The Cure for Worry

Are you worrying and anxious? What if I told you there is a cure for your anxiety and worry? Listen to Jesus:

…do not be worried about your life…seek first His kingdom and His righteousness…

Matthew 6:25&33

When Jesus was giving his sermon on the mount, He was speaking to ordinary people just like you and me. In a moment of sincerity and understanding, Jesus addressed one of the most sinister aspects of the sinful condition – worry.

When He said, “do not be worried about your life,” He was not waxing eloquent and offering up an ideal that people should strive for – He was giving a command…a command that he would provide for. Let’s take a look at His next statement.

The Cure for Worry

Jesus commands us not to worry. In his very next breath, He gives us the key to walk in His command – “Seek first His kingdom and His righteousness.” You see, Jesus knows that our lives are full of appointments, schedules and obligations. He is not calling us to abandon responsibility and our chosen fields of labor. He is simply offering us a new perspective.

When we seek the kingdom of God before all things, all things find their rightful place. Our gaze shifts to the eternal, to the will and concern of Jesus. This perspective gets our eyes off of the temporal and fickle and fixes our eyes on the eternal and never-changing. Imagine a life full of certainty and stability – this is the life offered to us by Jesus.

All Things New

When you were called to Jesus, you were called according to His purpose. You were never called into a life of worry, uncertainty, and instability. Remember, you have died, and your life is hidden in Christ. He never changes. He never falters. Align yourself with His purpose before all things and watch as he provides for His plan and purpose in Your life. Jesus never fails – we have nothing to worry about.

All to Jesus!

TJMcPherson

Embrace Him

Saul of Tarsus

Saul was an expert in the Law of Moses. Having been raised up in the Pharisaical teachings and traditions, Saul took care to adhere to every rule and regulation set forth in the Torah. According to his own testimony, Paul considered himself “faultless” in his observance of all that the law required (Phil. 3:6.) Circumcised on the eighth day, a pharisee of pharisees…Saul was the perfect example of a devout Jewish man.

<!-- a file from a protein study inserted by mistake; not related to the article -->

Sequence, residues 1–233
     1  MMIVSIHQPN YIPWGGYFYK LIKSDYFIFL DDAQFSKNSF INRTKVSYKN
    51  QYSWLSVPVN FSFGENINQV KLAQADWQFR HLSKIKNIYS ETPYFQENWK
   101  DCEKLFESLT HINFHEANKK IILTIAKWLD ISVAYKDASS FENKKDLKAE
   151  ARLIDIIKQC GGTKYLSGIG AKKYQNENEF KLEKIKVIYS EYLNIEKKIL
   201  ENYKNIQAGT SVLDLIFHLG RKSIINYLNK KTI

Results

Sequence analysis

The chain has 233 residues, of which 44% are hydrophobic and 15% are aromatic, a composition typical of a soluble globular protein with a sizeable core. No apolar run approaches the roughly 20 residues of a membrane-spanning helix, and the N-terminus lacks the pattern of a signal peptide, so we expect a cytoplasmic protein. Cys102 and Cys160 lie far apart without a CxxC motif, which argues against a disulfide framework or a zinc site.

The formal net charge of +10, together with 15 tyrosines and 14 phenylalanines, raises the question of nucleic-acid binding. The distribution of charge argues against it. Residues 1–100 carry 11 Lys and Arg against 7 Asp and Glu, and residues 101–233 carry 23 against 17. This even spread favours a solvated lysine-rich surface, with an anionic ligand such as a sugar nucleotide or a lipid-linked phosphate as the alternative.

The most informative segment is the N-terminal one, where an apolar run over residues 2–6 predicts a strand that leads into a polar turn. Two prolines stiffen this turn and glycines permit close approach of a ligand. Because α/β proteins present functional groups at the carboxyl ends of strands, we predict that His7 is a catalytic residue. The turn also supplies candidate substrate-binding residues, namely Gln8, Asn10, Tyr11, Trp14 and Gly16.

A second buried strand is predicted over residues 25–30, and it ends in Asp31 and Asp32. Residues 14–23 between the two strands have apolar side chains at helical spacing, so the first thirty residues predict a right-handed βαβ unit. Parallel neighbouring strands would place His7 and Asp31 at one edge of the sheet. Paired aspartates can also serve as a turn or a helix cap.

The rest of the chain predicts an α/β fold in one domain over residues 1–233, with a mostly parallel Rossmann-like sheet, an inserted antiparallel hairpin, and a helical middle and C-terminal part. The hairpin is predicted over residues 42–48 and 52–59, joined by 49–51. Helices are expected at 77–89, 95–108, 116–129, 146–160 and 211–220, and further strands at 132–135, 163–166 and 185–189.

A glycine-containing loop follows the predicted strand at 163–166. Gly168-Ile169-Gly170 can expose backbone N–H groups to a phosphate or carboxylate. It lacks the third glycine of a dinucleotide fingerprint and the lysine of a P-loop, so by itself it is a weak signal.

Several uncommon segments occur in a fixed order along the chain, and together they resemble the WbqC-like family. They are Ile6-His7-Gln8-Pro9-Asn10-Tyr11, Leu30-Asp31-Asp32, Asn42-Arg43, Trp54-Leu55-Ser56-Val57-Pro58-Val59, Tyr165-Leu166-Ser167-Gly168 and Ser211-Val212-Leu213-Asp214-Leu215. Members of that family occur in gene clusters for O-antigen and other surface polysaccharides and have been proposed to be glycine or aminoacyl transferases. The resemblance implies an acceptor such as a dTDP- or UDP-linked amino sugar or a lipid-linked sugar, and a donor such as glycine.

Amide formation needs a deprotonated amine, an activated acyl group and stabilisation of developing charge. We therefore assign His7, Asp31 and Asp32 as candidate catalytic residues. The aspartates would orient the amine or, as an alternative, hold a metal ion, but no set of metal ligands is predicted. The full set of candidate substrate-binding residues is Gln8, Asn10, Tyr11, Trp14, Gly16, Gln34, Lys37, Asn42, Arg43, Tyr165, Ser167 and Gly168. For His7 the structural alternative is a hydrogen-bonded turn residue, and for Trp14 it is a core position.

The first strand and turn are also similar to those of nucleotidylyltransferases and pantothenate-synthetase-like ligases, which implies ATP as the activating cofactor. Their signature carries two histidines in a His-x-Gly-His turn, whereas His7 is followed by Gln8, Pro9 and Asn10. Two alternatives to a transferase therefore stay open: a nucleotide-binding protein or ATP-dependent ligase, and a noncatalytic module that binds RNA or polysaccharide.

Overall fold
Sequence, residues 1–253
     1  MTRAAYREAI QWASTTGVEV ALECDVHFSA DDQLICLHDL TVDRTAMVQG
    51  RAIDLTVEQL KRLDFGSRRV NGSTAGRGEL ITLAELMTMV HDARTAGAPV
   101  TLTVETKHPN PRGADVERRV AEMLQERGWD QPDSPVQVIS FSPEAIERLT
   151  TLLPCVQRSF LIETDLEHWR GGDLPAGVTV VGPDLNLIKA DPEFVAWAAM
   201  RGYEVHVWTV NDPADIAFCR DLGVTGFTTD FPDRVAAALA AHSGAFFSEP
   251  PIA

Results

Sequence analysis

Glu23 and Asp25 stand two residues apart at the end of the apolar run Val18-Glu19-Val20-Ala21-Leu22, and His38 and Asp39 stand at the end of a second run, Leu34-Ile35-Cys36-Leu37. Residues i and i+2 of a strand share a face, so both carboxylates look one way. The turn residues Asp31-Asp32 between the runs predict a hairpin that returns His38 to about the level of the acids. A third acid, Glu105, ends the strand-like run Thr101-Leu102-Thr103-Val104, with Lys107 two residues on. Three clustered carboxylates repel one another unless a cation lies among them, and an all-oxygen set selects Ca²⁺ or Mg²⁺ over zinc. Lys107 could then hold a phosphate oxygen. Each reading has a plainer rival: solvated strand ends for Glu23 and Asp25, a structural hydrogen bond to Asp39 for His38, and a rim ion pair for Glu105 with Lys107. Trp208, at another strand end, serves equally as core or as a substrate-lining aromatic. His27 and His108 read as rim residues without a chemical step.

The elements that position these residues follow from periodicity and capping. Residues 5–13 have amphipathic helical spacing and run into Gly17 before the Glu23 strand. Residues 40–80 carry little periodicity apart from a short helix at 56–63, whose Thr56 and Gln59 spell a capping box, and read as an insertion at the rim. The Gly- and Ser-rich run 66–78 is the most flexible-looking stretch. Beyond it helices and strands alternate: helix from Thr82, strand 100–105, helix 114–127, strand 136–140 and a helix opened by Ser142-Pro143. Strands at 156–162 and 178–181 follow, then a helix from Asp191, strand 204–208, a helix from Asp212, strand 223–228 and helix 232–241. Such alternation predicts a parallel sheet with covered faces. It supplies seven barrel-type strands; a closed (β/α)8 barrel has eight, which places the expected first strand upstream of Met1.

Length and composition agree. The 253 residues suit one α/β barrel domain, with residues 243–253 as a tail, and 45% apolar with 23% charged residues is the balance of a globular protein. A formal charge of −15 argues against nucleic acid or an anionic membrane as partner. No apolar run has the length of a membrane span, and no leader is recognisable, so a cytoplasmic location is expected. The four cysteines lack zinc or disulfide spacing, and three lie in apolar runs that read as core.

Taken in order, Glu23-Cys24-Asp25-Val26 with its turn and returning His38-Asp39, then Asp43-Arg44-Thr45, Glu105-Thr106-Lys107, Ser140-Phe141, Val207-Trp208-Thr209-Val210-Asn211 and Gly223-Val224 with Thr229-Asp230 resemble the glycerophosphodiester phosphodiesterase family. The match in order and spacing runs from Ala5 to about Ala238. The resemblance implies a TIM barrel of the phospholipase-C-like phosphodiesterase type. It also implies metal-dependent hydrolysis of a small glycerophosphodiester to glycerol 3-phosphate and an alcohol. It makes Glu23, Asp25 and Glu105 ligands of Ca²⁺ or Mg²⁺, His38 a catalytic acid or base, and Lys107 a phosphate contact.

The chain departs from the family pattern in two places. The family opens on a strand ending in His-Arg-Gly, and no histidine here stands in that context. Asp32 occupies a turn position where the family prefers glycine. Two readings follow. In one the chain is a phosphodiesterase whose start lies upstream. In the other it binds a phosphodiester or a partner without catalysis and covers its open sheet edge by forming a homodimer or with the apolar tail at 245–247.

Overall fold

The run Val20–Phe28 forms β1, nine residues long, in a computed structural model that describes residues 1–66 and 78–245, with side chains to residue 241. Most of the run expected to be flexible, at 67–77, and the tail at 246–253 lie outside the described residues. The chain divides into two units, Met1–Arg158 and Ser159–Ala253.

Rising above his peers, the soon-to-be apostle sat at the feet of the premier Jewish rabbi of his time, Gamaliel. As he sat and listened to the teaching of his elders, Saul of Tarsus grew more and more zealous for the traditions of his people… “And I was advancing in Judaism beyond many of my contemporaries among my countrymen, being more extremely zealous for my ancestral traditions.” (Galatians 1:14) This overwhelming zeal became the fuel for his persecution of the early Christian church.

As he was breathing threats against the Church of God, Jesus confronted Saul. Jesus, the one who Saul was persecuting, stepped into the darkness of Saul’s ignorance and revealed Himself. All that Saul had built his life on, every accolade, every tradition, every ancestral claim, came face to face with the Son of God. In an instant, Saul of Tarsus was forever changed.

Though the remaining majority of Paul’s life is recorded for us by Luke in the book of Acts, I am urged by the Holy Spirit to ask one question…What happened on the road to Damascus? How did a man like Saul, a zealous, well-educated Pharisee, become a man like Paul? The answer is simple; Paul met Jesus.

MEETING JESUS

You see, up until this moment, Saul of Tarsus had built his life around every good thing, yet never found the best thing. He had elevated his thinking, adhered to the most reasonable theology, and according to his religion, climbed the “ministerial ladder.” And yet, in all of this, He missed the Truth.

But Jesus did not leave him there. Jesus offered Saul the very thing his heart so desperately desired; love. Jesus was supremely interested in Saul, not his accolades. For once in his life, someone looked at Saul for who he was. Casting aside every achievement, Jesus grabbed ahold of Saul’s heart and loved him.

This became one of Paul’s most cherished moments. Routinely in the epistles, Paul uses this phrase, “[Jesus] loved me, and gave Himself for me.” And that was all he needed—to know and believe the love Jesus had for him.

RESPONSE

What about you? Have you stared into the eyes of Christ? Do you know the love that Jesus has for you? He desires to make you His very own. He sees you and loves you.

Can I encourage you? Leave all of the soul-weight that is hindering you from fully embracing Jesus. Leave the intellectual questions that are causing you to stumble. This is the moment. Embrace Him. Take a couple of minutes and ask Him to open your eyes to His love.

In the love of Jesus,
TJMcPherson

Life in Jesus

I hope you are enjoying this Christmas season! Ever since I came to know Jesus, this time of year has become such a special and sacred time for me. It seems that every December, Jesus draws me deeper into who He is…to the point that when Thanksgiving comes to an end, I find myself waiting and expecting a fresh encounter with God. Year after year, He has never disappointed me. 

Alone With God

As I have been walking with Jesus, He has reminded me of a truth that I have been taking for granted: Intimacy with God is cultivated in the secret place. I am becoming aware that true oneness with Jesus can only be had when I am with Him in secret. Only when I am before Him can I truly be transformed by the renewing of my mind (Romans 12:2), for it is God and God alone who can circumcise my heart (Colossians 2:11).